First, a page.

Four years later, I was returning to the Philippines. I have lived in Switzerland, Germany and the United States. I worked as a Secretary to the Ambassador of Ethiopia at the United Nations Office in Geneva. I did the English correspondence and dealt with his appointments. It was a great diplomatic experience. Then I went to Germany to do some laboratory training. I’ve got my Chemistry degree from the Philippines, so I was able to get a 6-month training at BASF, Ludwigshafen. There, I met Him Indoors, who was also doing some training. Action and reaction, love happened and we were sad to part ways after the training. I went to Los Angeles, California, USA and he went back to the UK to finish his Chemistry degree. In the summer, he visited me in Los Angeles and we decided to get married. That was the reason I was returning to the Philippines – to tell my parents that we were getting married.
The EDSA Revolution of 1986 in the Philippines. I was part of the crowd – a bizarre mixture of people coming and going in every direction, military tanks and cannons with their soldiers greeted with flowers and food, burning tires, activist flags and streamers, vendors selling their wares, vehicles parked everywhere and some beeping their horns, portable radios, foreign correspondents and religious altars. Strangers flashed wide grins at each other. People were marching, praying, crying and singing all at the same time. It was one of nonviolent protests that led to the departure of the then President Marcos and the re-establishment of the country’s democracy. I was there. I wanted to make a difference. I was part of that history.
We got married on the nicest day of June (it was the only weekend it didn’t rain, thank God) in the UK. We prepared a big fish (baked) with mayonnaise, red and green peppers, chopped carrots on top. I also cooked spring rolls with sweet and sour sauce and other Filipino dishes. Him Indoor’s mother baked the cake, and did the other dishes. We prepared before hand, so we used the fridges of their neighbours to store them. My cousin from Germany and her husband came and she was my Maid of Honour. She wore a Royal Blue Dress. I wore a creamish dress from the Philippines, made of pineapple fibre, like silk. It was exquisite! Him Indoors wore a dark blue suit, with his great grandfather’s pocket watch. We got married in the Register Office, which was a magnificent timber building and the oldest building in the country. It was so romantic!
Four years later, Him Indoors was accepted to work in Bavaria so we moved here. It was a new place for both of us, not knowing that we would be still here after 25 years. HRH the son was born here and he considers Bavaria as his home. We’re happy here – we have the mountains to hike or ski in the winter, and the lakes, beer gardens and parks to walk or cycle in the summer. It was just the right size for us, not too big a city and not too little a village. We have a terrace house and a garden. When HRH the son was born, I decided to stay at home and looked after him. We did lots of things together, from toddler groups, music school, kindergarden, school, etc. I volunteered to work as one of the librarians in their library. When he was 10, I started thinking about going back to work. I did some training, a Master’s in English Language Teaching. Now, I’m a freelance English trainer/teacher. And so, my journey continues.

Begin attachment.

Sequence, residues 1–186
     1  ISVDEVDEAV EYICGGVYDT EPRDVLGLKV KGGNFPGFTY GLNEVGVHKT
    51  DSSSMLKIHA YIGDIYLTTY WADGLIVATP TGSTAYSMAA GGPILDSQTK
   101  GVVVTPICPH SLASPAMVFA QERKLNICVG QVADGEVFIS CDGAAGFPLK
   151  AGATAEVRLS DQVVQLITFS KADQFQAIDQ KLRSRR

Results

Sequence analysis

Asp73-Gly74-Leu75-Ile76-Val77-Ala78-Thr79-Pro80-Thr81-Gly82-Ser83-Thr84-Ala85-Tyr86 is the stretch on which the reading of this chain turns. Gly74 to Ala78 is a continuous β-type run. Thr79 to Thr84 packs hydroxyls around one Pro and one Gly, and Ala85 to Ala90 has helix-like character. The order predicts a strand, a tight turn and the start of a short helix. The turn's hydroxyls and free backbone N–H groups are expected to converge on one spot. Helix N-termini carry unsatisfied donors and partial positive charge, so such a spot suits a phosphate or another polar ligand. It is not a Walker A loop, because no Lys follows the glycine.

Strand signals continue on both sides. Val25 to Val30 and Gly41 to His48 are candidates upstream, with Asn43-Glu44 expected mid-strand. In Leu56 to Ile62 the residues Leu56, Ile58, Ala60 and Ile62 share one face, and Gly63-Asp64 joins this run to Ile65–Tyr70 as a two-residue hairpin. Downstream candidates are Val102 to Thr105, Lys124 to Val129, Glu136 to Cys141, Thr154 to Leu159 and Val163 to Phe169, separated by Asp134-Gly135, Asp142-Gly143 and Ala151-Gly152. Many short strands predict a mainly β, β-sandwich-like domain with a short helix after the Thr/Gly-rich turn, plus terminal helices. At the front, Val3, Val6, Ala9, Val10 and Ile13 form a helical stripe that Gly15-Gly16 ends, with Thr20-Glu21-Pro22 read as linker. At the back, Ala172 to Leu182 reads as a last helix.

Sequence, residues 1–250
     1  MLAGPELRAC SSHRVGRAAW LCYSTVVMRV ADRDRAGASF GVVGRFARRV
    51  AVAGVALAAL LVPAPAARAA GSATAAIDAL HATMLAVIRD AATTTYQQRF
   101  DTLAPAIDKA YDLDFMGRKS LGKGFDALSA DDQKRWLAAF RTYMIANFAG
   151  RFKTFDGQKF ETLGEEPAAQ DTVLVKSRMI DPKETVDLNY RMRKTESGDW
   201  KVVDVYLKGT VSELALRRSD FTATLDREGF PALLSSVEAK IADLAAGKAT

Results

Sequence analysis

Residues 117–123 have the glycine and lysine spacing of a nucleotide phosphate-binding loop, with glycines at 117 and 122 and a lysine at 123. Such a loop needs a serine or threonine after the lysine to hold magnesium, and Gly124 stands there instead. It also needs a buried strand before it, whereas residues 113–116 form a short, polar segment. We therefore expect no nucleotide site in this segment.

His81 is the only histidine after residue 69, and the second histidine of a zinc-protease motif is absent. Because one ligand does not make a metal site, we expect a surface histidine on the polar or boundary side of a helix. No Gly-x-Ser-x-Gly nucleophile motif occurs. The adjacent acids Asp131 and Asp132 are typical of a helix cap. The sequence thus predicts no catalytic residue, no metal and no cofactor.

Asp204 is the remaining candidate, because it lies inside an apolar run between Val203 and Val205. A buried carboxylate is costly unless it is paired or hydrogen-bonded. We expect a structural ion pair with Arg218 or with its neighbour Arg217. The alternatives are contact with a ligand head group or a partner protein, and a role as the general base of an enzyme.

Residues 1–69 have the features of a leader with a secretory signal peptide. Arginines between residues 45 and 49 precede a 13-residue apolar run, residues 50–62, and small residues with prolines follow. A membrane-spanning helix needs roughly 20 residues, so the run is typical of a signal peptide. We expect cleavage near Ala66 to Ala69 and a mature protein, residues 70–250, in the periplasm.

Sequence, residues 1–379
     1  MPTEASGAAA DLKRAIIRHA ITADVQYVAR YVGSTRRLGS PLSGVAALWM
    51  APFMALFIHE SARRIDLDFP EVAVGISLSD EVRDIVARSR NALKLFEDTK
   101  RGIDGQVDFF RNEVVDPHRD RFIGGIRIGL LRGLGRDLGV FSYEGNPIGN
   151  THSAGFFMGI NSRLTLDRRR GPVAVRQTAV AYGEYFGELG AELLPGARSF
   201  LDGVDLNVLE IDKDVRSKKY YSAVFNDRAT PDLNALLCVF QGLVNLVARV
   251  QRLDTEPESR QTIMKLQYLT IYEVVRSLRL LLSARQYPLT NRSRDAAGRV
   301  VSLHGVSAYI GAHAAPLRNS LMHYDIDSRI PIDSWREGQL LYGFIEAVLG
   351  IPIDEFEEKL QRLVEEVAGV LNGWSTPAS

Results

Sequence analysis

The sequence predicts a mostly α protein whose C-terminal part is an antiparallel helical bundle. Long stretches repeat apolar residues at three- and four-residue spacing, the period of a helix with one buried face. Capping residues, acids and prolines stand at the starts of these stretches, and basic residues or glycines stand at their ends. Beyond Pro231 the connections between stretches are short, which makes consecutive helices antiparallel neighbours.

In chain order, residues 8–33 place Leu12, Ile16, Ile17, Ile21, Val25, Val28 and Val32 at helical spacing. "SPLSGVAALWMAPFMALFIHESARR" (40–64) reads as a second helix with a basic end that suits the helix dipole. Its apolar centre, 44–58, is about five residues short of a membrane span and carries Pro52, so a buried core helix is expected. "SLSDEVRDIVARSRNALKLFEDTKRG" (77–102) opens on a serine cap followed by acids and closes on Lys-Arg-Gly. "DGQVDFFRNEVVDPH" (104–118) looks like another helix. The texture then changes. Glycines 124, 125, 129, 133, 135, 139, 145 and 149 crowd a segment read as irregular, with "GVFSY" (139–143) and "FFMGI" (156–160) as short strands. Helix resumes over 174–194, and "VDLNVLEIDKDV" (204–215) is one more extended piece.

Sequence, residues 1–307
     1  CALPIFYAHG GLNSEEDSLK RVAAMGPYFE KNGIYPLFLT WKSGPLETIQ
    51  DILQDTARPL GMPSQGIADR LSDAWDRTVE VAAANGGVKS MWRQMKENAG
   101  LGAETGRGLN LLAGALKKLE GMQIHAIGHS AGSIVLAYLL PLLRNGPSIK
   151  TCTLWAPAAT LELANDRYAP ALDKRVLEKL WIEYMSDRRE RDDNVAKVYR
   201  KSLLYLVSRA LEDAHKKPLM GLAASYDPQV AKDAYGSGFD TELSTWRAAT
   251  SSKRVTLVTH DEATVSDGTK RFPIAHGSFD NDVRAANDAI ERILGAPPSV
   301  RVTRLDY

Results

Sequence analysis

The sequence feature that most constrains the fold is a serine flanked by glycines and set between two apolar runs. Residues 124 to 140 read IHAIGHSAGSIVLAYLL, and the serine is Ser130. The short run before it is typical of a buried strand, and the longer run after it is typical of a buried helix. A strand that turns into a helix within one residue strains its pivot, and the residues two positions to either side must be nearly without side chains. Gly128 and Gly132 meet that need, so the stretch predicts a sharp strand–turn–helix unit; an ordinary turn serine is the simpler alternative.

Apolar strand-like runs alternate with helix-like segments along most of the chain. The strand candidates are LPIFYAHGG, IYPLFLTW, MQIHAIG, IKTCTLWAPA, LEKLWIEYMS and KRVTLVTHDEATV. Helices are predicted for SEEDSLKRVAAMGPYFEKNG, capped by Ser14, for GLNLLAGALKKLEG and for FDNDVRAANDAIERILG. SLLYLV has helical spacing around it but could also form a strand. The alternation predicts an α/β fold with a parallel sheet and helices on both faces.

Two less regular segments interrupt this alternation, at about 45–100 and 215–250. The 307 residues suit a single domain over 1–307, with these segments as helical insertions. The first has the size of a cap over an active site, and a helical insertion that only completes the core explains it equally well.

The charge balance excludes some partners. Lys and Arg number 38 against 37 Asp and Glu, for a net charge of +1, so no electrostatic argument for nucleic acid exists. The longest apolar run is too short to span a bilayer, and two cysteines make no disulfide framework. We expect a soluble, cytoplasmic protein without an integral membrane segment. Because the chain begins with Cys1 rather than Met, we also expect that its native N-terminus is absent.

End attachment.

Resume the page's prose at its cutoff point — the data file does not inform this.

Daily Prompt – When you were 10, what did you want to be when you grew up? What are you now? Are the two connected?
I wish I were
A doctor when I was ten
With stethoscope and
Always wearing something white
Very smart and cool
But things have changed as I grew
I’ve travelled instead
To Europe and America
I met Him Indoors
Chemistry all the way
Action and reaction
We got married instead
Now I teach English
And I love the change
This week’s fun words: Cartilage Paint Session Atomize (to reduce to fine particles or spray) Denouement (the final resolution of the intricacies of a plot, as of a drama or novel) Handle Cue Lapse Cocktail Paramnesia (a distortion of memory in which fact and fantasy are confused) Mizzle (misty rain) Column
Thomas has had a car accident. It was a severe one and his knees were damaged and the cartilages were removed. He has to learn how to walk with crutches. Aside from that, he suffered from paramnesia, a distortion of memory where his facts and fantasies are confused in his mind. Sometimes, his memory lapses. He doesn’t trust anyone which atomizes society and diminishes his range of human experience.
To help Thomas handle his condition, he has a regular therapeutic session with Dr. Smith. He was given a cocktail of medicine for the pain and depression. He started going back to work, where he writes a column in a magazine. As the months went by, he carried on with his life, even went back to his hobby – painting! But sometimes, he would stop in the middle of something and could not remember what he was doing.
Cue: weather changing. It was mizzling steadily, like the stillness that comes with Cornish mizzle. Thomas met Claire in one of the parties he attended. They talked that evening and found out that they have a lot in common. She’s an artist. Perhaps, this is the sunset after the storm, that life could be beautiful again after the accident, after the treatment and therapy. There’s nothing like seeing two improbably beautiful people fall in love, perhaps fight and reach a story’s denouement together.